Certainty of Funding: Federal disaster recovery funding is largely unpredictable outside of periodic contributions to FEMA’s Disaster Relief Fund and credit subsidies for the Small Business Administration’s disaster loan programs. The U.S. Department of Housing and Urban Development Community Development Block Grant – Disaster Recovery, CDBG-DR, program funding is supplemental and only triggered via administration request or congressional initiative. Moreover, funding for diverse agencies such as the U.S. Army Corps of Engineers, the Federal Transit Administration, and the Department of Agriculture are often included in a supplemental package along with the occasional tax incentive, but it is hard to predict when such steps will be taken and what the level of aid will be because these decisions are not based on documented, data-driven estimates of need. Even FEMA is not immune to problems in securing funding for its Disaster Relief Fund, as there have been past occasions when it has been virtually tapped out. Across the board, Congress needs to consider pre-funding these needs to enable swifter post-disaster responses—having financial resources in hand would enable the timelier launch of recovery efforts.
Pre-Disaster Recovery Planning: For SLTTs to receive and make effective use of early federal assistance, there needs to be a stronger emphasis on planning for post-disaster recovery. In the wake of major disasters, it becomes clear that jurisdictions had given too little thought to complex, longer-term challenges, such as how to rebuild thousands of damaged or destroyed housing units. That lack of preparedness is extremely problematic as incidents of extreme weather and disaster increase—making once-in-a-lifetime, catastrophic events more likely in more communities. There are lots of tabletop exercises on immediate response needs but very limited focus on what is required for such events—for example, how best to meet the enormous housing needs following disasters like Hurricanes Katrina, Sandy, and Maria, or the devastating 2018 Camp Fire that destroyed more than 14,000 housing units in and around Paradise, California. While FEMA funds some planning activities, a broader effort is warranted if we hope to see jurisdictions make greater strides earlier in their recovery timelines. Plans should include which federal agencies to involve, how the investment will be targeted (particularly between states and local governments), and what funding can be made available.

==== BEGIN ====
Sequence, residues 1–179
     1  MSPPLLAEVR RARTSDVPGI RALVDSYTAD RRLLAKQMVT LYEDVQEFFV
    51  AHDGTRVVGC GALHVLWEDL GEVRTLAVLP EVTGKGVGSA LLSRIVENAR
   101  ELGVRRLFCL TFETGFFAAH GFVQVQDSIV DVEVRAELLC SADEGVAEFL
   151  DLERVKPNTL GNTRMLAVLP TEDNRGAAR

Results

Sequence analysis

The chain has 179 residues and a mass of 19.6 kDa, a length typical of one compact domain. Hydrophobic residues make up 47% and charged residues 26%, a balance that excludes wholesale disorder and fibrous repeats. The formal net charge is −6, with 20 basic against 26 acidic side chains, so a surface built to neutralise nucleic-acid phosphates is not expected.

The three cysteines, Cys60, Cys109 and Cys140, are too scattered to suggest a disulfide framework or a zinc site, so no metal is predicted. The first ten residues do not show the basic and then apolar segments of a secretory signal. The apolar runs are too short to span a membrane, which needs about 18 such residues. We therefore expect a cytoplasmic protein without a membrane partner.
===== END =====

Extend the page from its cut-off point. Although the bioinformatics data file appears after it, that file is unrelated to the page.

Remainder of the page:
Reduced Federal Friction: When dealing with multiple federal agencies, jurisdictions have a lot of pain points. Often, SLTTs are required to reconcile different environmental review processes, coordinate procurement standards, address varying planning requirements, and deal with antiquated processes and IT systems. Improving execution and implementation around these longstanding hurdles may be best achieved in the context of disaster recovery reform but will yield benefits across a range of federal initiatives. This is an area ripe for bipartisan cooperation—members of both parties are eager to support quicker recoveries, reduce costs, and provide better returns on federal investment. The reward is not the same as cutting ribbons for projects, but expedited outcomes will be greatly appreciated by the public and, particularly, those responsible for managing recoveries.